VUVUZELAS: Worldwide audiences and soccer stars – including Portugal’s Cristiano Ronaldo and Argentina’s Lionel Messi – have complained about the incessant high-pitched whine of the long plastic horns, called vuvuzelas, seen here at Ellis Park Stadium in Johannesburg, South Africa. That reignited calls to ban the vuvuzela, but FIFA chief Sepp Blatter put an end to that discussion early in the tournament. A Cape Town businessman has touted his design for a slightly quieter vuvuzela that reduces the tuneless horn's sound output from a deafening 134 decibels to a more manageable 121 decibels. That sounds good.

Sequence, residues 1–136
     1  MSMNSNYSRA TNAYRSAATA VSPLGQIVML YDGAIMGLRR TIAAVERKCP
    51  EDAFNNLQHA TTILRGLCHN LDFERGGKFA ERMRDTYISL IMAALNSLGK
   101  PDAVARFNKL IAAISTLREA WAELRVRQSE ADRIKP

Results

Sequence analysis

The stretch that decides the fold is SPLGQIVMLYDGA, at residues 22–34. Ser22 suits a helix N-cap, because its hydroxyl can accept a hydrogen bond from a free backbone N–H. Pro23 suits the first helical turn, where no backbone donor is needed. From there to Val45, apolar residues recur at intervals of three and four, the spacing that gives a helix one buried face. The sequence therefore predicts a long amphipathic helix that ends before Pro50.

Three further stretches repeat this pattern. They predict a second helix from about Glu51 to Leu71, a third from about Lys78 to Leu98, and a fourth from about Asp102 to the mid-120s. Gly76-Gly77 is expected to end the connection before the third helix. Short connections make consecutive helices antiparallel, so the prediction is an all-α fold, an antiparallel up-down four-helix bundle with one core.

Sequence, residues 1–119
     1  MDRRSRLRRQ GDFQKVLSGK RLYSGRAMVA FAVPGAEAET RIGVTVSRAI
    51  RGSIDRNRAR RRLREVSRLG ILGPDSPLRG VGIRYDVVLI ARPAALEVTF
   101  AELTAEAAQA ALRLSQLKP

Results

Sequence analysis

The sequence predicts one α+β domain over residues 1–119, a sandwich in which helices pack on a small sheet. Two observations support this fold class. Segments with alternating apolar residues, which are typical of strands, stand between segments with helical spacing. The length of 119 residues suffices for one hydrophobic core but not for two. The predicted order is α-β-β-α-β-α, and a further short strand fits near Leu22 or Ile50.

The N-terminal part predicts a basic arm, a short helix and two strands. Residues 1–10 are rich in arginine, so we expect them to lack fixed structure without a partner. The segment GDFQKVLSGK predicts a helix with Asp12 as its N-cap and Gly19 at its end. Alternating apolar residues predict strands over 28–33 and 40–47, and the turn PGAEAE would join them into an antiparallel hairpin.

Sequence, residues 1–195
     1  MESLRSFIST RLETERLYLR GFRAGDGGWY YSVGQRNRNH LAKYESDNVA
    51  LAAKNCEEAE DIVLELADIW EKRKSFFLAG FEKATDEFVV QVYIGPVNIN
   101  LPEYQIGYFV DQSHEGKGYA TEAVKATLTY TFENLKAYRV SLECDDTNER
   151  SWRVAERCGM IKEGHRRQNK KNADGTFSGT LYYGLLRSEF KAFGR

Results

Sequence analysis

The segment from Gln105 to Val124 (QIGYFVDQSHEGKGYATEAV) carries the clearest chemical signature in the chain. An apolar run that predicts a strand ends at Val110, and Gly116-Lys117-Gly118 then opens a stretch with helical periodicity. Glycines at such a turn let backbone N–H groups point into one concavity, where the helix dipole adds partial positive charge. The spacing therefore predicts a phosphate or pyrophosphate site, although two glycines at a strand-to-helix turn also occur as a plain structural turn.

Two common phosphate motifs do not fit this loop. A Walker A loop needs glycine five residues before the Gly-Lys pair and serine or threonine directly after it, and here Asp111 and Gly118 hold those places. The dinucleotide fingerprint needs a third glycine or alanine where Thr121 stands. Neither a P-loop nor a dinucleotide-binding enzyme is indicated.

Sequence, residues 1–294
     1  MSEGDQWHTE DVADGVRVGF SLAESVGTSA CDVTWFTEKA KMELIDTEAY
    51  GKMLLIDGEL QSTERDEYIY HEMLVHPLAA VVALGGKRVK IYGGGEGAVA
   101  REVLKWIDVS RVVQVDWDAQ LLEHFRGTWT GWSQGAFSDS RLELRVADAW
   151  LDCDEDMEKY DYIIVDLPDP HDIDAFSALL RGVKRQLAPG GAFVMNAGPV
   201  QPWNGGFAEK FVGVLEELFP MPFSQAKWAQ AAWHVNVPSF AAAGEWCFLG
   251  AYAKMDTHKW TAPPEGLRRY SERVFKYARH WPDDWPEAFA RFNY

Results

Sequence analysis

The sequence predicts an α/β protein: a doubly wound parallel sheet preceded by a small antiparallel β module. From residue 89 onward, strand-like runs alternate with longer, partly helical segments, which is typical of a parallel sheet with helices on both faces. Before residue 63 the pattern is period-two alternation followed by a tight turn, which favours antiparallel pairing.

A young boy lands a bubble on his head at a park on Tuesday in Seoul. South Korea has one of the world's lowest birthrates despite the government promotion of incentives to encourage people to have children.
A soccer fan blows a vuvuzela before the start of the 2010 World Cup group B soccer match between Argentina and Nigeria at Ellis Park stadium in Johannesburg, South Africa, on June 12.
A child wearing a fake mustache and a sombrero hat waits for the start of the World Cup group A soccer match between Mexico and Uruguay at Royal Bafokeng Stadium in Rustenburg, South Africa, June 22.
Morgan Freeman brings appropriate gravitas to his role as Mandela in ‘Invictus,’ but occasionally Clint Eastwood’s movie slips into hero worship.
Empty seats cause embarrassment for the soccer tournament's host country as it prepares for the World Cup next June.